What's the deal with Lyman locks, half cock and the fly jazz?

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Livbucks

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Getting familiar with my new Trade Gun, I notice that I cant lower the hammer to half cock without lowering all the way and then bringing it back. After some searching I have found out about the fly. What purpose does it serve? I read a few references to removing the fly but no definite answer to whether it actually helps. Is there a way to modify and improve the function? I dont really want to resort to upgrading to an L&R REP lock, although that may be a possibility. Seems to me that the fly has no purpose except to agitate me, or would the sear hit the half cock notch when firing if it wasnt there?
 

Cowboy

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You hit it on the nail head my friend! The purpose of the fly is to prevent the nose of the sear from engaging the halfcock notch when the hammer is falling. Without the fly,the hammer would engage the halfcock notch and abruptly stop in mid travel with the very good possibility of breaking the nose off your sear. Needs to be there my friend and not messed with or modified in any way!

Respectfully, Cowboy
 

Livbucks

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Many Thanks Cowboy! I wasnt sure. My Traditions lock has no such issue. Is there any improvement to be had or am I looking at the inevitable upgrade? Are the L&R locks blued when you get them? They look bare in the photos. (for anyone with info)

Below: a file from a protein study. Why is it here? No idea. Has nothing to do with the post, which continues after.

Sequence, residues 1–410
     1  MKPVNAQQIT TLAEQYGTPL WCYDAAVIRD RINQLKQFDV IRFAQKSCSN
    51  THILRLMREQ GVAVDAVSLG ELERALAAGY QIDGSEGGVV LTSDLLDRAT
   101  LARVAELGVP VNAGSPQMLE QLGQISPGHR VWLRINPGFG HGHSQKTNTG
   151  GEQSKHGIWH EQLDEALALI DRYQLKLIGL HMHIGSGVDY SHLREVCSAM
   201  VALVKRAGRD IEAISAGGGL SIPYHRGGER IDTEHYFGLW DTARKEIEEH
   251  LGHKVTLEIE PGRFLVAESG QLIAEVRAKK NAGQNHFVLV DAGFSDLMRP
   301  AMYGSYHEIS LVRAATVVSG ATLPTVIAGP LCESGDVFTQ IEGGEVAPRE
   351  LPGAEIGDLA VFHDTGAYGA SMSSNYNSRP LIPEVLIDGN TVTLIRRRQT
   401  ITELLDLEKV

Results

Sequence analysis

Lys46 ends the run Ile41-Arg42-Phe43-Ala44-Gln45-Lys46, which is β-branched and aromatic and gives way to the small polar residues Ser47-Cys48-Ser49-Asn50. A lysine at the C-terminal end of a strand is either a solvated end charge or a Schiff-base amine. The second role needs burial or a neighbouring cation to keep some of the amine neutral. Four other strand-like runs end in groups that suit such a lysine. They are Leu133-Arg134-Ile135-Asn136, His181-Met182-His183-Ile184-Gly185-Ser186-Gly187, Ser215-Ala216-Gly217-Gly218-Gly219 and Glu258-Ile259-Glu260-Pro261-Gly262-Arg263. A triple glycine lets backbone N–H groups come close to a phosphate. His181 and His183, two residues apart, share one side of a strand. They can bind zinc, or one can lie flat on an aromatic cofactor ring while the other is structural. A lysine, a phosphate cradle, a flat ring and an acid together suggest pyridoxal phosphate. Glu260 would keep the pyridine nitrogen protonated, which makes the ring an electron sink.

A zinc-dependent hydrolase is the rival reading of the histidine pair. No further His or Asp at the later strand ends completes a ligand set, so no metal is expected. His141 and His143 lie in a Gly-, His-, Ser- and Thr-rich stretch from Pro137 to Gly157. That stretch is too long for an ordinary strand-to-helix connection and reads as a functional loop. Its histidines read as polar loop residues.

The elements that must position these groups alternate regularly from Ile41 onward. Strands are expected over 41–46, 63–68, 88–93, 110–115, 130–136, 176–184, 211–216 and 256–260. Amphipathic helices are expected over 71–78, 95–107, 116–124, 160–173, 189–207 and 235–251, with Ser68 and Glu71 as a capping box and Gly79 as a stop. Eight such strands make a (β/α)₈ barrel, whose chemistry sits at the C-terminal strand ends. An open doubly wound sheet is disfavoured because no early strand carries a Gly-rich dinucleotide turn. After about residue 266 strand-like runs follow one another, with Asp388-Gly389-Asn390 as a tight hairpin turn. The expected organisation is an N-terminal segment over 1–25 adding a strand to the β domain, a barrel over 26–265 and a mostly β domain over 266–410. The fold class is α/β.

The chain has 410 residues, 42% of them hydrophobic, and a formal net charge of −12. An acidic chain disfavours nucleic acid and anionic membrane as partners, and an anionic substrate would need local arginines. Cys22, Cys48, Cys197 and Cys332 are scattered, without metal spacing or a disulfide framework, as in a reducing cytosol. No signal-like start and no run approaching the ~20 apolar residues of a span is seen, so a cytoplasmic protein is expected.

Do the L&R locks function the same way with the half cock issue?
 

Cowboy

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No on looking at an inevitable upgrade unless you choose to do so? Lyman makes a descent lock.

Sure, a L&R is definitely an upgrade and a better lock but is only a modification that is not needed!

The Lyman lock has a coil main spring. The L&R has a flat spring.

A lot of wood removal would be required to fit the L&R lock into the lock mortise of the stock. It’s definitely not a drop in my friend.

I personally see no advantage as a must. I own two Lyman rifle’s which are made by Investarm. They have pretty descent lock’s.

As for the fly that you were referring to earlier? The L&R lock fly functions the same way for the same purpose my friend.

Respectfully, Cowboy
 

tenngun

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Your gun should have double set triggers... I think. Set triggers can only fiction with a fly in place. If you have single lever triggers you can shoot sans fly. However the lock will function smoother with a fly. We see them put on most civilian made finer grade guns even without set triggers. I’m making a single lever trigger gun right now... with fly.
As far as removing them... the old ones used to be big enough to be seen at a hundred yards. About the time I turned fifty they started getting smaller till they are near microscopic and I have to take much care to insure that I don’t drop one and lose it. I’m sure it’s one of the most lost and replaced item in the ML game.